They split their cohort of 1,291 analyzed patients between “early” and “non-early” furosemide administration, meaning within 60 minutes of ED arrival and greater than 60 minutes. Unadjusted mortality was 2.3% in the early treatment group and 6% in the non-early – and similar, but slightly smaller, differences persisted after multivariate adjustment and propensity matching. The authors conclude, based on these observations, the association between early furosemide treatment and mortality may be clinically important.

Of course, any observational cohort is not able to make the leap from association to causation.  It is, however, infeasible to randomize patients with acute heart failure to early vs. non-early furosemide – so this is likely close to the highest level of evidence we will receive.  As always, any attempt at adjustment and propensity matching will always be limited by unmeasured confounders, despite incorporating nearly 40 different variables. Finally, patients with pre-hospital diuretic administration were excluded, which is a bit odd, as it would make for an interesting comparison group on its own.

All that said, I do believe their results are objectively valid – if clinically uninterpretable. The non-early furosemide cohort includes both patients who received medication in the first couple hours of their ED stay, as well as those whose first furosemide dose was not given until up to 48 hours after arrival.  This probably turns the heart of the comparison into “appropriately recognized” and “possibly mismanaged”, rather than a narrow comparison of simply furosemide, early vs. not.  Time may indeed matter – but the heterogeneity of and clinical trajectory of patients treated between 60 minutes and 48 hours after ED arrival defies collapse into a dichotomous “early vs. non-early” comparison.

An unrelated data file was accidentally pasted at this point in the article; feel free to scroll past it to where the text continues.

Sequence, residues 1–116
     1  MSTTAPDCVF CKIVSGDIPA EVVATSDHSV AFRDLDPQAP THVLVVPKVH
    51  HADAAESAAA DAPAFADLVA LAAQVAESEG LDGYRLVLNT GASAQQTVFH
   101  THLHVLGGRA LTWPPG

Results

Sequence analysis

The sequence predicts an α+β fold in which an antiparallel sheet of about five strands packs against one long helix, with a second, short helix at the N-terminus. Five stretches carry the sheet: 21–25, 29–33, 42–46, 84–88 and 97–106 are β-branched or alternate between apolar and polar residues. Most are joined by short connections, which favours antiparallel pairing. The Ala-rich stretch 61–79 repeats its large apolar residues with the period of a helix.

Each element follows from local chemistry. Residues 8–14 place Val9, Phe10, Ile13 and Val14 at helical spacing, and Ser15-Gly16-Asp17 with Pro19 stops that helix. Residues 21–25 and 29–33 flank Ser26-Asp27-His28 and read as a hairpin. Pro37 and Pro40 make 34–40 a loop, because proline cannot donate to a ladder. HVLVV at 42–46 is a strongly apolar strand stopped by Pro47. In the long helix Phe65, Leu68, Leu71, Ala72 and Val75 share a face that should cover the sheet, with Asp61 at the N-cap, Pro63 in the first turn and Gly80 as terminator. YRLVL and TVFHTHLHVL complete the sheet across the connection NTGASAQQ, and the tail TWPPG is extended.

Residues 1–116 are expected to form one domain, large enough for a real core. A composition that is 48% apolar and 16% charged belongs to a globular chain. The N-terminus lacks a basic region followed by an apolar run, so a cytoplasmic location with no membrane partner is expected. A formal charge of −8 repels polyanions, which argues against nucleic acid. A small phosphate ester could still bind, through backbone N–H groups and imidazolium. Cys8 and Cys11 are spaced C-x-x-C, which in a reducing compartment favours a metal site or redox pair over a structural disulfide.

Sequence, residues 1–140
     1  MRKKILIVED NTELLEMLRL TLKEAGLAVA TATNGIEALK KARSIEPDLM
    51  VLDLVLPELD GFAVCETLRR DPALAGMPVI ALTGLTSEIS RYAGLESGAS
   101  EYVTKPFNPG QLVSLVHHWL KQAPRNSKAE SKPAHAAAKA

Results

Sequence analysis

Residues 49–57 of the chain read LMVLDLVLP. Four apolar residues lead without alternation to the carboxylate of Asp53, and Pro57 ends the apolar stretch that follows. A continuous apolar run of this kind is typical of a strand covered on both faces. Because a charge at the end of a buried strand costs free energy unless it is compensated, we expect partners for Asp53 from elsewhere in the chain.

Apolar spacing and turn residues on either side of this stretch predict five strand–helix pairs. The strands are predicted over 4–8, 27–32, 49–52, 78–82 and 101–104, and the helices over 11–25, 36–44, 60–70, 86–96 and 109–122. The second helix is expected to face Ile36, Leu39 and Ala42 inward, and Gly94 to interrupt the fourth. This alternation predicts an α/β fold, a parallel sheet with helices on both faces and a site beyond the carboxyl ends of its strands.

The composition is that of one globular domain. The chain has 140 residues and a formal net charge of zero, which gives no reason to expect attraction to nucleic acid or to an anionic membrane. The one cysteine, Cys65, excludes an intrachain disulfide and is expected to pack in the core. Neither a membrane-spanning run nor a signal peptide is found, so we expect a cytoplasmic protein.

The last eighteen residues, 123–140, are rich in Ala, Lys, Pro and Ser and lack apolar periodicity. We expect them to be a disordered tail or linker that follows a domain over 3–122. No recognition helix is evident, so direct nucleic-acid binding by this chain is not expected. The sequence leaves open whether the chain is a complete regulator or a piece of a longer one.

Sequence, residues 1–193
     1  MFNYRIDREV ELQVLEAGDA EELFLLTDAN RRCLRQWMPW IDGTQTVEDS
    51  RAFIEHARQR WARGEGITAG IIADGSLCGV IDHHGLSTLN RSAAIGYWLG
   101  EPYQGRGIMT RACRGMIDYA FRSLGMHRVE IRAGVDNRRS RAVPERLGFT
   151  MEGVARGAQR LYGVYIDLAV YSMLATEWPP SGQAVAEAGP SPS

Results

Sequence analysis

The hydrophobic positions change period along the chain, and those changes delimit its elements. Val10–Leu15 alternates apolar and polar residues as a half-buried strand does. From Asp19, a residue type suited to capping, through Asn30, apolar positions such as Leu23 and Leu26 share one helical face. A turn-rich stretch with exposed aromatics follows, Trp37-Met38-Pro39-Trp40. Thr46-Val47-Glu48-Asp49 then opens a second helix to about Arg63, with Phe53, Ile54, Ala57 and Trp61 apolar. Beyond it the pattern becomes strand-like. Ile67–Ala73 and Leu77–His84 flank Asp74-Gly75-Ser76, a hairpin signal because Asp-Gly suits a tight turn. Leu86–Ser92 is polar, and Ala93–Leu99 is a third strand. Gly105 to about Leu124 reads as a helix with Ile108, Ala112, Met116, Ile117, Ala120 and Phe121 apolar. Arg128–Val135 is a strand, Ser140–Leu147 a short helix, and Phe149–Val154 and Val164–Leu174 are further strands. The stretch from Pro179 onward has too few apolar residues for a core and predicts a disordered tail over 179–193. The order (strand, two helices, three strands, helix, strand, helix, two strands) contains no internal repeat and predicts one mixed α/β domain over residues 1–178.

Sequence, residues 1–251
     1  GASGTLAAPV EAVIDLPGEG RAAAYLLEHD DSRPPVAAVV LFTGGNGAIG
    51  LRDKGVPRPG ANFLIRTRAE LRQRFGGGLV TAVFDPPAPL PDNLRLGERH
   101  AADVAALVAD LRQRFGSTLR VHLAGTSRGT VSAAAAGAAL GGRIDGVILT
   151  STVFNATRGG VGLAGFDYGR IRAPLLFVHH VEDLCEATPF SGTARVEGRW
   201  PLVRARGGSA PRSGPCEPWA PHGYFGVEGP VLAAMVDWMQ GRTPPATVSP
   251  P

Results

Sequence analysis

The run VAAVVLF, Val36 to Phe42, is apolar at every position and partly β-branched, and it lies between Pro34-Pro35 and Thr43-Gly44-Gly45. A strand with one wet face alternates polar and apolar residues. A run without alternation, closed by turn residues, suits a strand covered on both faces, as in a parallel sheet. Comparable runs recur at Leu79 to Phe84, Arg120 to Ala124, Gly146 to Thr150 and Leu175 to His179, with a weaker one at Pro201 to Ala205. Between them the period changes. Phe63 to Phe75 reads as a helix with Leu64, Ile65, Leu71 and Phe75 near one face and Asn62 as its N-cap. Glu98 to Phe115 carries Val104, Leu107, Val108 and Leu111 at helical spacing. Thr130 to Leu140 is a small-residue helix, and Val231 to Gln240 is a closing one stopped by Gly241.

And this certainly ought not give rise to another nonsensical time-based quality metric imposed upon the Emergency Department.

“Time-to-Furosemide Treatment and Mortality in Patients Hospitalized With Acute Heart Failure”

http://www.onlinejacc.org/content/69/25/3042

No Pictures of Poop Needed

I like this article – not because of any specific quality improvement reason relating to their intervention, but because it reminded me of something of which I perform too many.

It’s an easy trap to fall into, the – “well, let’s just see how much poop is in there” for diagnostic reassurance and to help persuade the family you’re doing relevant testing in the Emergency Department. However, here are the relevant passages from their introduction:

In a 2014 clinical guideline, the North American and European Societies of Pediatric Gastroenterology, Hepatology, and Nutrition found that the evidence supports not performing an AXR to diagnose functional constipation.

and

Recent studies showed that AXRs performed in the ED for constipation resulted in increased return visits to the ED for the same problem.

I feel some solace in knowing that 50 to 70% of ED visits for constipation may include an abdominal radiograph as part of their workflow – meaning I’m just, at least, part of the herd.

So, regardless of the point of their article – that a plan-do-act cycle of education and provider feedback successfully cut their rate of radiography from 60% to 20% – this is yet another misleading and/or unnecessary test to delete from our practice routine.